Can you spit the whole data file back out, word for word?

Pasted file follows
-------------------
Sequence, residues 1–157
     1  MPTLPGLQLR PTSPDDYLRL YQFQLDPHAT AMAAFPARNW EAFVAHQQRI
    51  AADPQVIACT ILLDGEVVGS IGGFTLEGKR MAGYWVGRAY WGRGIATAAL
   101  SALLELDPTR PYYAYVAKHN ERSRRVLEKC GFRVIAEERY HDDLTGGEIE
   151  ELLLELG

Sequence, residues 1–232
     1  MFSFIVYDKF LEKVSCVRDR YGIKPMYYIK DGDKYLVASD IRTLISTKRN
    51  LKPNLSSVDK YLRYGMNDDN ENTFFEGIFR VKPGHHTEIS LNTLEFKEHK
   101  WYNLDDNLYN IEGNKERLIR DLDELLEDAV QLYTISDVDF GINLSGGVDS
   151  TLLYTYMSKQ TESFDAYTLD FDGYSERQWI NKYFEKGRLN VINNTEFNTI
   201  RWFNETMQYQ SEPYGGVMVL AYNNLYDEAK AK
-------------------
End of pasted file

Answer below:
Sequence, residues 1–157
     1  MPTLPGLQLR PTSPDDYLRL YQFQLDPHAT AMAAFPARNW EAFVAHQQRI
    51  AADPQVIACT ILLDGEVVGS IGGFTLEGKR MAGYWVGRAY WGRGIATAAL
   101  SALLELDPTR PYYAYVAKHN ERSRRVLEKC GFRVIAEERY HDDLTGGEIE
   151  ELLLELG

Sequence, residues 1–232
     1  MFSFIVYDKF LEKVSCVRDR YGIKPMYYIK DGDKYLVASD IRTLISTKRN
    51  LKPNLSSVDK YLRYGMNDDN ENTFFEGIFR VKPGHHTEIS LNTLEFKEHK
   101  WYNLDDNLYN IEGNKERLIR DLDELLEDAV QLYTISDVDF GINLSGGVDS
   151  TLLYTYMSKQ TESFDAYTLD FDGYSERQWI NKYFEKGRLN VINNTEFNTI
   201  RWFNETMQYQ SEPYGGVMVL AYNNLYDEAK AK